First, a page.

[NOTE: The following post contains MAJOR SPOILERS for Halo 4]
Master Chief is one of Microsoft’s most iconic characters – despite being, in the original Halo, little more than an empty vessel for players to fill as they battled the Covenant (and the Flood). At the time, the character had a backstory but no voice or distinguishing characters – only to be fleshed out in later installments (and a variety of extended universe stories in other mediums). Yet, even though Chief is the helmeted “face” of the Halo game series, his AI partner in saving the universe, Cortana, might actually be the most loved.
Moments between the two were often heartwarming, and sometimes heartbreaking, with Halo 4 exploring their unique friendship more than ever before. By the time the dust had settled, and the heroes had gone face to face with the ruthless Didact, Cortana’s fate was sealed in a moment of sacrifice – leaving many fans to wonder if they’d ever get to see (or hear) the beloved character again. Now, after months of speculation, Microsoft has announced that Cortana, via voice actor Jen Taylor, will be incorporated into the Windows Phone software – to compete with Apple’s Siri AI assistant.
After rumors suggested that Cortana, or at the very least Taylor’s voice work, could be the foundation for the company’s AI assistant, the official announcement came in a preview of Windows Phone 8.1 – which, in addition to introducing Cortana, detailed other upcoming features.
Check out the video of Cortana in action below [Cortana talk begins at 1:51]:
In the video and the post, Microsoft highlights a number of other features that Windows Phone 8 users can expect but, for gamers, the choice to include Cortana is certainly interesting – if for no other reason than nostalgic appeal. Still, the Siri competitor does include some intriguing ideas, all designed around the AI providing personalized information, individual to each user’s routine and interests:
“To develop Cortana, we talked to a number of real personal assistants. One technique these assistants spoke about was keeping track of the interests and preferences of their bosses in a notebook. We thought… what a great idea! So all the stuff Cortana curates for you is stored in Cortana’s Notebook. This information enables Cortana to be proactive and helpful throughout the day.”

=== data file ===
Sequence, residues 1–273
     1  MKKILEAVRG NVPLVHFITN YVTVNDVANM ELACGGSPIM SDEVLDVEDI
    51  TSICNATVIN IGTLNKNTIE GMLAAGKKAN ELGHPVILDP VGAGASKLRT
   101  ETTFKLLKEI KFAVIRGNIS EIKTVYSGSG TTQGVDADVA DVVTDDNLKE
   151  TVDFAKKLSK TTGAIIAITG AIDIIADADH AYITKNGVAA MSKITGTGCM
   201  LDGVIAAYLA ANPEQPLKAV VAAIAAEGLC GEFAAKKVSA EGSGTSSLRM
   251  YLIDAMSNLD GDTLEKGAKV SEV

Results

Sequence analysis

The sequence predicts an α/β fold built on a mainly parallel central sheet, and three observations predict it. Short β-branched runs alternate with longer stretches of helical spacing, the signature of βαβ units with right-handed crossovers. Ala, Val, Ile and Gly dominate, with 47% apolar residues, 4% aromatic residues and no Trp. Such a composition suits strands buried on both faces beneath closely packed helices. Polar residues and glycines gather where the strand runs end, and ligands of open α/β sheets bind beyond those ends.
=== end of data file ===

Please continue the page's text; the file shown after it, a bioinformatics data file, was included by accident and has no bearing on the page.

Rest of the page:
According to Microsoft, they’re not simply borrowing Jen Taylor’s voice for a Siri-like program, much like her video game counterpart, Cortana is designed with “personality” – though, don’t expect her to ruminate on her time fighting the Covenant with Master Chief:
“Cortana isn’t just a dry computer returning search results. Just as she has in the game Halo, Windows Phone’s Cortana has a bit of personality. But you’ll have to talk to her yourself to see what I mean by that.”
The choice to take a fan-favorite Microsoft franchise character and inject her into smartphone personal assistant software is an interesting one. On the one hand, it’s unlikely that anyone is going to complain about hearing Jen Taylor’s voice whenever they interact with their phone; yet, there’s a stark contrast between the vibrant “life” depicted in Halo‘s Cortana and the Windows Phone 8 assistant program.
At surface level, it’s a fun nod to the company’s history but how many users are going to both a) get the reference and b) enjoy much satisfaction out of interacting with a Cortana that doesn’t talk about battling aliens? After years of developing such an affecting personality and narrative for the AI character, it’s likely that some users might actually find it off-putting to hear Cortana remind them about an upcoming dermatology appointment or, even worse, reply to the question, “Who is your father?” with an eye-rolling answer of, “Technically speaking, that’d be Bill Gates. No big deal.”
No doubt, including Cortana is a cute idea but how many phones will Microsoft sell simply because of the Cortana reference and voice? Will it be enough to off-set the amount of gamers who might feel like Microsoft is selling the character out, simply for cheap publicity? After leaving such a powerful mark on the Halo franchise, is this the best we can do to continue Cortana’s legacy?
Could Microsoft be the missing element that makes voiced AI assistants more than just a gimmick?
Windows Phone 8.1 (featuring Cortana) will be available in April or May.
Follow me on Twitter @benkendrick.